PORTSMOUTH has recovered from an initial "public loss of confidence" to create a well-managed local education authority with many strong features.
The inspectors praised much of the work of the authority, which was created three years ago. But while the partnership with schools was described as "powerful", the Office for Standards in Education found officers were not doing enough to raise standards.
Attainment at key stage 1 in 1999 was in line with national norms but a subsequent decline through other key stages led to GCSE results well below national averages.
Inspectors said a school improvement service, which started in April, was now giving clear direction and support.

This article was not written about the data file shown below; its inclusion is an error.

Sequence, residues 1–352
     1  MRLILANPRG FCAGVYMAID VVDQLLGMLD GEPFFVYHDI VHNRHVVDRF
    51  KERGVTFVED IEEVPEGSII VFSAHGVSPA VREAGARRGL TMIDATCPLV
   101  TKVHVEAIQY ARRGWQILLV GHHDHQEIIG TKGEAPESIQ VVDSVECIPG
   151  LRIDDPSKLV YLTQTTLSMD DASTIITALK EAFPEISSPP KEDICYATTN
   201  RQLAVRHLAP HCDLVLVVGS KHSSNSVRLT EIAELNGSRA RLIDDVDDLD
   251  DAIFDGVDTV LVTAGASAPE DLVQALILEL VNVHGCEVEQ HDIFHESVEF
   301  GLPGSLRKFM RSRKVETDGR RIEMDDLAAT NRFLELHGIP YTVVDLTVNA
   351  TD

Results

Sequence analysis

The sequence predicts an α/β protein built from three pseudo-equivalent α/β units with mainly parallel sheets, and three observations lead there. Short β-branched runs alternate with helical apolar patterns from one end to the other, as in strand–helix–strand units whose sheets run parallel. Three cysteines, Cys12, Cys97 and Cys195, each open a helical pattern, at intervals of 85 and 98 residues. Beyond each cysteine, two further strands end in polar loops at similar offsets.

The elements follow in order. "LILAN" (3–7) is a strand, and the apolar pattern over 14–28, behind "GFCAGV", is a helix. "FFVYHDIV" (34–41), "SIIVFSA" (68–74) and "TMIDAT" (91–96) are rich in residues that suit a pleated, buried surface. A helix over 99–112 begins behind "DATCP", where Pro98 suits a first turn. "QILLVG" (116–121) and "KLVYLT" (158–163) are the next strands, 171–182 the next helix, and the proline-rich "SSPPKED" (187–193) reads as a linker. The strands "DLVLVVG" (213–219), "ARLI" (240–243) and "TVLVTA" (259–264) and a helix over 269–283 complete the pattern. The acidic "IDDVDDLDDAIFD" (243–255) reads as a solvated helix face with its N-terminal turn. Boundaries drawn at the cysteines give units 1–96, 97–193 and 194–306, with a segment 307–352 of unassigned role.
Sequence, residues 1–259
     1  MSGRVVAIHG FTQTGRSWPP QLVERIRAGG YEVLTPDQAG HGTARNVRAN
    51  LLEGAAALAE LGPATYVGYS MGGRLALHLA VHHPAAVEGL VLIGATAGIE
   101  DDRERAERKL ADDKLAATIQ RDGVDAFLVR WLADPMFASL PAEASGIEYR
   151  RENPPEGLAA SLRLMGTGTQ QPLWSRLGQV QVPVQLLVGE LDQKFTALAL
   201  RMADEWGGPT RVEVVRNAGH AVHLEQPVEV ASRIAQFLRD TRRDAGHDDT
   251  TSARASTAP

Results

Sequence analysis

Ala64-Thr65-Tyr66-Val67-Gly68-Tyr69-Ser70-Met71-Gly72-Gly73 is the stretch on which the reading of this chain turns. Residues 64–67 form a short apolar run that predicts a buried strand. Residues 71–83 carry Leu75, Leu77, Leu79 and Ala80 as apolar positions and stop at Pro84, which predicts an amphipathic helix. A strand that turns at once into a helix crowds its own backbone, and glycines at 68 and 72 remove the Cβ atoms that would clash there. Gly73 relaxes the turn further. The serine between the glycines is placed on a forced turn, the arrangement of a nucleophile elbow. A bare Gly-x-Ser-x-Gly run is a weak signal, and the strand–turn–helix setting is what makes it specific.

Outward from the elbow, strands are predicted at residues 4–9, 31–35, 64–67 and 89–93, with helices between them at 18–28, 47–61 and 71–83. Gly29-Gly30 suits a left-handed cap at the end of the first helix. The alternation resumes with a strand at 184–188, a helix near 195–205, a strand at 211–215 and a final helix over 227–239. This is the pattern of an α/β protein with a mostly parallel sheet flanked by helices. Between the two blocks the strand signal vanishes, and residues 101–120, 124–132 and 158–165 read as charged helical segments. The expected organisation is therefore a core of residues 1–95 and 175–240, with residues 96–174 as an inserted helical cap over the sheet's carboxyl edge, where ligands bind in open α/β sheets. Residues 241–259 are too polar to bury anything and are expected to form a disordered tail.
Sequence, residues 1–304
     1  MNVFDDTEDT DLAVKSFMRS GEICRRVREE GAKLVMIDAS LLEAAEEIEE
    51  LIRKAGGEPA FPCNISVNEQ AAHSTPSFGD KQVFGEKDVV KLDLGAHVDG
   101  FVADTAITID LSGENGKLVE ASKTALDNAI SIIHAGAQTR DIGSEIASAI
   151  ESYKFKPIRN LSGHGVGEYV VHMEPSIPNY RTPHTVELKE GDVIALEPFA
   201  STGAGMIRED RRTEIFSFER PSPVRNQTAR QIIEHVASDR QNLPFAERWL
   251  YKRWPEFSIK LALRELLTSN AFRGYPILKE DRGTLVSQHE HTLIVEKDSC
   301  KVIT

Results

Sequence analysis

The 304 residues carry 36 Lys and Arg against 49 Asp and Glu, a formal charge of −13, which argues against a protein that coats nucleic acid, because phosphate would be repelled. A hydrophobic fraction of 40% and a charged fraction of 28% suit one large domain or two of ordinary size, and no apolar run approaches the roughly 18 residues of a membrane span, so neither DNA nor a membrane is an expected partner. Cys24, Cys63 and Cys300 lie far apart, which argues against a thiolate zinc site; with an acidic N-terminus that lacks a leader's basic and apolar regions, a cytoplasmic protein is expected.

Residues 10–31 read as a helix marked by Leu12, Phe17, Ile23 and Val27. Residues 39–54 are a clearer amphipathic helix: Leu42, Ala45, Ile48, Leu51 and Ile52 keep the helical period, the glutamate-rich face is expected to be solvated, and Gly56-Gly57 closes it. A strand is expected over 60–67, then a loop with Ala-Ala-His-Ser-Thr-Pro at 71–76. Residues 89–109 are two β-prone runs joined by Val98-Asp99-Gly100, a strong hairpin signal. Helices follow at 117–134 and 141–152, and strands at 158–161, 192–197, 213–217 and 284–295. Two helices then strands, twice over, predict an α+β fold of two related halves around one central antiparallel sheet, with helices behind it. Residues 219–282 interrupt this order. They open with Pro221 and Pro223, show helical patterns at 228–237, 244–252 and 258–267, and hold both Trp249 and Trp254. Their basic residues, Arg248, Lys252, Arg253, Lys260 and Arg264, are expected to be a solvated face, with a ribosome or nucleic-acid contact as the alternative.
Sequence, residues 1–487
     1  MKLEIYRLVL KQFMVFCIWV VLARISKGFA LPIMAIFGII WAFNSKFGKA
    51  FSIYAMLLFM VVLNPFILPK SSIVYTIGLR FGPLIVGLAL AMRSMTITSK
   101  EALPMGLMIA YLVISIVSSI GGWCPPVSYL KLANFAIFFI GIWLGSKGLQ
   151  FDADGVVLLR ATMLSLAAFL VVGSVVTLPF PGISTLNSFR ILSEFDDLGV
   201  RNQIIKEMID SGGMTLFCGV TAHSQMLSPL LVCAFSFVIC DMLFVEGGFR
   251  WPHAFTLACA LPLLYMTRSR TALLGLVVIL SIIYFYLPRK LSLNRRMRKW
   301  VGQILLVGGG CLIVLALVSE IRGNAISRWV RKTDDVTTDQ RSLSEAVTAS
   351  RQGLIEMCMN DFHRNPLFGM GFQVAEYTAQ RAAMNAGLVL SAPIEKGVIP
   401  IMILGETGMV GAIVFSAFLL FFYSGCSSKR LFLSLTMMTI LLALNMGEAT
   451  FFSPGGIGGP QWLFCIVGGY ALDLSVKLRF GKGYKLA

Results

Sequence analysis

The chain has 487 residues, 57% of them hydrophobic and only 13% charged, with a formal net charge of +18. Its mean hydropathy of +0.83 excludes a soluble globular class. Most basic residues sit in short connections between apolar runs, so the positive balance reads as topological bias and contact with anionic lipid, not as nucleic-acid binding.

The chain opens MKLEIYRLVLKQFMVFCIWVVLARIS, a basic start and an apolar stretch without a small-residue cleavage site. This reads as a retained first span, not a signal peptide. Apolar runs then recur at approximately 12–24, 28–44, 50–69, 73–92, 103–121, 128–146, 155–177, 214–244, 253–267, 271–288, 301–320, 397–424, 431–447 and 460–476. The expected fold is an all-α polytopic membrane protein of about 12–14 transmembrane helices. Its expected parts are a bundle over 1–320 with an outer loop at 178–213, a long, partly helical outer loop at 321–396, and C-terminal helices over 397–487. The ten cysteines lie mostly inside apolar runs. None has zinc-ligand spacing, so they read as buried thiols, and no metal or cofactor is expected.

Portsmouth has one of the lowest unemployment rates in England, but also pockets of severe deprivation. It has one primary and two secondaries in special measures. Another 25 are causing concern. Inspectors said support for schools with problems was iproving.
City education officer John Gaskin, who took over at the end of 1998, was found to have done much to rebuild the LEA's credibility by providing strong leadership and strategic direction.
Inspectors said the authority, which had 13 strengths and three weaknesses, now performed the majority of its functions at least effectively.
Chair of education, Fred Warner said: "Most importantly, OFSTED has stated that we have the capacity to bring about improvements. We have achieved much despite a shaky start."
Support for numeracy in primaries
newly-qualified teacher support
early years education
support for looked-after children and SEN pupils
raising standards in secondaries
procedures for evaluating the
effectiveness of school improvement support
councillors do not subject the education service to systematic scrutiny